The next thing we did was to select someone who could capture and stream the type of video production we wanted to show, which meant we needed a multi-camera shot with a director calling live shots to the camera operators and selecting the image to display to the live view. Besides the camera views, we also wanted to feed the video producer an additional source — a direct video copy of the presentation slides and videos so he wouldn’t have to rely on a camera image of the screen. In addition to all that, everything had to be recorded so we’d have a complete record of all that we did onstage. For this job, we issued an RFP and after meeting with Craig Johnson (@arcimagemedia) from ArcImage Media, we awarded him the task. ArcImage also became a sponsor and were officially with us for the ride — we added Jeremy Williamson to his team and we were good to go. Now that the event is done, Craig and his crew still have the task of editing each speaker’s video into its final form so it can be uploaded for online viewing at any time… and the goal is to have that done in just three weeks. (If you know much about video editing, you’ll know that’s a lot of work in a short amount of time.) For a lot of the people who bring it together, the work goes on for a while even after we lock the venue doors at the end of the event. Feedback for the livestream was nothing but positive, including from last year’s emcee, Kevin Hnatiuk of New Media Manitoba.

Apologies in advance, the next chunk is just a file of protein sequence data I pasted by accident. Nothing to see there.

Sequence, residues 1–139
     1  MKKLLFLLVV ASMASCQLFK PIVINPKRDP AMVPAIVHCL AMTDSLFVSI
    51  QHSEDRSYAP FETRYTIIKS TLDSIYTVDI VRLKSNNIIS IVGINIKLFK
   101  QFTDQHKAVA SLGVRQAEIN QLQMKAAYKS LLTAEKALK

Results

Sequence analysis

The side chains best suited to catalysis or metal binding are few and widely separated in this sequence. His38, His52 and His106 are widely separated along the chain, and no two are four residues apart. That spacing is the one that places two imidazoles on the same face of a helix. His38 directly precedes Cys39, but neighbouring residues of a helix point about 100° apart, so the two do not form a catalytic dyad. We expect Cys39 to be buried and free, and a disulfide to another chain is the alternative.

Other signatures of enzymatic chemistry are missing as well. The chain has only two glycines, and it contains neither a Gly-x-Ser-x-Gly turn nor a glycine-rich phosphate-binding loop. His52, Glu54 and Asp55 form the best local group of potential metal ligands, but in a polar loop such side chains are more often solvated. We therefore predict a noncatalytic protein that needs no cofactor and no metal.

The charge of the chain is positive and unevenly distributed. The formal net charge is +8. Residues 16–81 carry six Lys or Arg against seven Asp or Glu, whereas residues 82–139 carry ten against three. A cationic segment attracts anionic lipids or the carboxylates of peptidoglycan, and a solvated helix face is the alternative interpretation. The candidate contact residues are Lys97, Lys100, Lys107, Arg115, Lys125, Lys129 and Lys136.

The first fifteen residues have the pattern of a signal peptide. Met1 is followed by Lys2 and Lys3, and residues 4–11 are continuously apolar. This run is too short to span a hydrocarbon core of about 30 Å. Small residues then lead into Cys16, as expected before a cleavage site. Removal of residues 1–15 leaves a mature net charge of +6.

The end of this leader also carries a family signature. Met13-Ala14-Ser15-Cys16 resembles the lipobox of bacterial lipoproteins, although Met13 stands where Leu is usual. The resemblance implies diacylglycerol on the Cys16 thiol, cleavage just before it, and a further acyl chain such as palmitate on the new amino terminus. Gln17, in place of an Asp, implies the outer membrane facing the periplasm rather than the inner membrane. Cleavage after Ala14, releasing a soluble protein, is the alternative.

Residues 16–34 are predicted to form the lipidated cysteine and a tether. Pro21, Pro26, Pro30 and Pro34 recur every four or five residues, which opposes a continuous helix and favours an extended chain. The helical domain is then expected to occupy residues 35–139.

Now that we were assured a top-notch image would go up to the livestream, we had to make sure we had an Internet connection that would handle the necessary capacity without bogging down or dropping out or otherwise imploding. While we were at it, it seemed reasonable that we should make sure we had lots of available bandwidth and capacity for wifi service to any guest who wanted to live-tweet or live-blog the event, and your typical box-store wifi unit wouldn’t cut the mustard for this task. For this requirement, we turned to Rainy Day Internet and NetSet Communications, who both quickly became TEDx sponsors. These companies worked together to provide a high-capacity Internet connection between the MTC Warehouse and the Internet as well as a couple of high-capacity wifi access points. Apparently we were a very “wired” crowd — at points during the day we had more than 100 devices registered on the wifi network and were hitting 8Mbps on our Internet connection. (Don’t worry, it’s a geeky statistic.)